The market for trophy art roared back after a three-night case of the blahs as Christie’s International saw its biggest tally for a New York evening contemporary-art sale since May 2008.
All but three of the 65 lots sold last night, with Cy Twombly and Richard Diebenkorn paintings setting records and a Cindy Sherman fetching the highest price ever for a photo at auction, $3.9 million.
The $301.7 million total surpassed the $299 million high presale estimate and was the closely held auctioneer’s largest in the category since the market was sideswiped by the world financial crisis.
The top lot was Andy Warhol’s 1963-64 “Self- Portrait,” made of four photo-booth-strip images in different shades of blue.
It went for $38.4 million, above the $30 million high estimate, after a tortuous -- some dealers said tedious -- bidding war between private art dealer Philippe Segalot and a telephone client of Brett Gorvy, deputy chairman and international head of postwar and contemporary art at Christie’s. The price was an auction record for a Warhol portrait.
Dealers said the evening offered rarer works than Sotheby’s (BID) $128.1 million contemporary sale the previous night. Collectors and dealers had likewise complained that the two Impressionist and modern evening sales last week skimped on masterpieces.
‘Night and Day’
“It’s like night and day,” said Lucy Mitchell-Innes, a New York art dealer. Sotheby’s on Tuesday night “was dreary and a real struggle. It’s all about quality.”
Both of the major Sotheby’s New York evening sales were at the low end of their estimates. The auctioneer’s shares are off 23 percent since April 5.
Another highlight at Christie’s was an undocumented 1961 painting by Mark Rothko that went for $33.7 million, above the high presale estimate of $22 million. Classical postwar works by Roy Lichtenstein, Alexander Calder and Sam Francis brought strong results.
“Quality speaks,” said Daniella Luxembourg, private art dealer in New York and London. “The rarity of things like Rothko is covering the aggressive estimates.”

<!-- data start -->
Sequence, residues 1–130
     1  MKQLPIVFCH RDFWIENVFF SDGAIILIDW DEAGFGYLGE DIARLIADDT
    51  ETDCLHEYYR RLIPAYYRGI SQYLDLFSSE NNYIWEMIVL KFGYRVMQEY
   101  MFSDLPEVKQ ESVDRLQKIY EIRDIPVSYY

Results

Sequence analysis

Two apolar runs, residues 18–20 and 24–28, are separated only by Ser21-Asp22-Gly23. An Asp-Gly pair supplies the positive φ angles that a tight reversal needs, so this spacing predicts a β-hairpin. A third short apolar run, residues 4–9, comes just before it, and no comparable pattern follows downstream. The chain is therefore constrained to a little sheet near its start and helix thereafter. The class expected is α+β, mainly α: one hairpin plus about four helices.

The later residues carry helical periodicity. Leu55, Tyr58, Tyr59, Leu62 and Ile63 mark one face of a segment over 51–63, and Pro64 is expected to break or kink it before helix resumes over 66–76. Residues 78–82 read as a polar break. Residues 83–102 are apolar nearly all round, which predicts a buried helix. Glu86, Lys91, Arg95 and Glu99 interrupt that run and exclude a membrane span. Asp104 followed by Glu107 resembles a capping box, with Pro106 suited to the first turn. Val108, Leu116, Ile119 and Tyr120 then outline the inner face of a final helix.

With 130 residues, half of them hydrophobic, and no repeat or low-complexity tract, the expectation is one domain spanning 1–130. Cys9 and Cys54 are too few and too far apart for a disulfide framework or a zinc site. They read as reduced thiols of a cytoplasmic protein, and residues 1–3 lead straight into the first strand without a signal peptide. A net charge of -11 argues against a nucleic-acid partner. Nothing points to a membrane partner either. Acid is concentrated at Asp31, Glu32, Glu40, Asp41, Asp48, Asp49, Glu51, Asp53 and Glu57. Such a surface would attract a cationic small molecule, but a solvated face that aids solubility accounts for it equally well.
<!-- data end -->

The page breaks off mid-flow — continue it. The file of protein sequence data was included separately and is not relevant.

‘Because I Love It’
The most aggressively estimated Warhol of the season didn’t fare as well. A 1986 self-portrait of the artist in a spiky wig sold for $27.5 million, missing the low estimate of $30 million. It landed with the Mugrabi family, known for its vast Warhol collection and steadfast support of the artist’s market.
When asked why he bought the Warhol, Jose Mugrabi said, “Why? Because I love it. I have no client for it.”
Projected to fetch $30 million to $40 million, the haunting 9-foot-square canvas had the highest forecast during two weeks of Impressionist, modern and contemporary art sales in New York.
Warhol’s auction record of $71.7 million was achieved at Christie’s in 2007 with the sale of a 1963 canvas, “Green Car Crash (Green Burning Car I).”
Rothko’s “Untitled No. 17” features pink and red rectangles on a tangerine-yellow background. The 1961 painting, which hasn’t been seen publicly since 1965, is one of 10 of his discovered since the publication of the artist’s catalogue raisonne in 1998.
“It’s one of the very few that got away,” said David Anfam, London-based art historian, recently. “It went to a private collection soon after it was made and those collectors just kept a very low profile.”
Bear by Urs
A giant, 35,000-pound yellow teddy bear by Urs Fischer, parked for the past month outside of Manhattan’s Seagram building, sold for $6.8 million, a record for the artist -- and for a teddy bear.
Christie’s charges buyers 25 percent of the hammer price up to $50,000, plus 20 percent from $50,000 to $1 million, plus 12 percent above $1 million.
To contact the editor responsible for this story: Manuela Hoelterhoff at email@example.com.